hosts: files mymachines resolve [!UNAVAIL=return] dns myhostname

SYSV INIT.D SCRIPTS:
        When calling "systemctl enable/disable/is-enabled" on a unit which is a
        SysV init.d script, it calls /usr/lib/systemd/systemd-sysv-install;
        this needs to translate the action into the distribution specific
        mechanism such as chkconfig or update-rc.d. Packagers need to provide
        this script if you need this functionality (you don't if you disabled
        SysV init support).

        Please see src/systemctl/systemd-sysv-install.SKELETON for how this
        needs to look like, and provide an implementation at the marked places.

WARNINGS:
        systemd will warn during early boot if /usr is not already mounted at
        this point (that means: either located on the same file system as / or
        already mounted in the initrd). While in systemd itself very little
        will break if /usr is on a separate, late-mounted partition, many of
        its dependencies very likely will break sooner or later in one form or
        another. For example, udev rules tend to refer to binaries in /usr,
        binaries that link to libraries in /usr or binaries that refer to data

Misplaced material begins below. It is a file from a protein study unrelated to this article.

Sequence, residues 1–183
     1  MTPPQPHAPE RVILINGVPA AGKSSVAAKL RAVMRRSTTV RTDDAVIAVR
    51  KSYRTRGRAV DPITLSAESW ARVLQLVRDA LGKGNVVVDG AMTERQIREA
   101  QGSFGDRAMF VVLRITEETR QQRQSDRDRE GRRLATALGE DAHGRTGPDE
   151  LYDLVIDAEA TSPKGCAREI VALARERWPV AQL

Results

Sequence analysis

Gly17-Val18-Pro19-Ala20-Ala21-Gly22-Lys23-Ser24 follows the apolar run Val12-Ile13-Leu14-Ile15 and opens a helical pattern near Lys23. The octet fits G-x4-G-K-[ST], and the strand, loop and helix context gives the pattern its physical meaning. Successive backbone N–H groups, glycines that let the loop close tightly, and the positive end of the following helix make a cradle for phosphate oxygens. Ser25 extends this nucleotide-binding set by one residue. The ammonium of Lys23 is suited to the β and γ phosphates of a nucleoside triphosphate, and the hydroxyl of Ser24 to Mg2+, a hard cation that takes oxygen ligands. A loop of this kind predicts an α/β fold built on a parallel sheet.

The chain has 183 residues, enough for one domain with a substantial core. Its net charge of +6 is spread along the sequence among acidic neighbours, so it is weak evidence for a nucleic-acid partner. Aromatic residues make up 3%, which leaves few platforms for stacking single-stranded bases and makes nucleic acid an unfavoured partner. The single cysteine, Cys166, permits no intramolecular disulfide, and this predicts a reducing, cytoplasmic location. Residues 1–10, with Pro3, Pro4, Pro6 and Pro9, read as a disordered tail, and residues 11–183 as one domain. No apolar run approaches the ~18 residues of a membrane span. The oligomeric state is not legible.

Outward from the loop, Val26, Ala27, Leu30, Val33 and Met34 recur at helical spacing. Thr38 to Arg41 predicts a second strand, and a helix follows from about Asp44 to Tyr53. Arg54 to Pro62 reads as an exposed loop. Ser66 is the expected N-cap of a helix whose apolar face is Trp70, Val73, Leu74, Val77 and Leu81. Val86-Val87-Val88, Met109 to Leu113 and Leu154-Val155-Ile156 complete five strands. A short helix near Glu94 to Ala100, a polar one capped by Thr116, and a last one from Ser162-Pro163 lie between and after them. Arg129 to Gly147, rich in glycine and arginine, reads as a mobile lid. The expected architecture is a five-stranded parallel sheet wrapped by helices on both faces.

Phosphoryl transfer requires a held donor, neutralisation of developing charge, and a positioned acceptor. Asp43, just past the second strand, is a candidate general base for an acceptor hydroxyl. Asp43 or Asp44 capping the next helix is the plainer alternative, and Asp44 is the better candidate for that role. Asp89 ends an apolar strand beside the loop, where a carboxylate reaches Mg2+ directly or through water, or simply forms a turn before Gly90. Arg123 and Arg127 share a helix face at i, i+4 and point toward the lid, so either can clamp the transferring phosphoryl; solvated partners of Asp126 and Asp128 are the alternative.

files in /usr. Since these breakages are not always directly visible,
        systemd will warn about this, since this kind of file system setup is
        not really supported anymore by the basic set of Linux OS components.

        systemd requires that the /run mount point exists. systemd also
        requires that /var/run is a symlink to /run.

        For more information on this issue consult
        https://www.freedesktop.org/wiki/Software/systemd/separate-usr-is-broken

        To run systemd under valgrind, compile with meson option
        -Dvalgrind=true and have valgrind development headers installed
        (i.e. valgrind-devel or equivalent). Otherwise, false positives will be
        triggered by code which violates some rules but is actually safe. Note
        that valgrind generates nice output only on exit(), hence on shutdown
        we don't execve() systemd-shutdown.

STABLE BRANCHES AND BACKPORTS

       Stable branches with backported patches are available in the
       systemd-stable repo at https://github.com/systemd/systemd-stable.

       Stable branches are started for certain releases of systemd and named
       after them, e.g. v238-stable. Stable branches are managed by
       distribution maintainers on an as needed basis. See
       https://www.freedesktop.org/wiki/Software/systemd/Backports/ for some
       more information and examples.

ENGINEERING AND CONSULTING SERVICES:
        Kinvolk (https://kinvolk.io) offers professional engineering
        and consulting services for systemd. Please contact Chris Kühl
        <chris@kinvolk.io> for more information.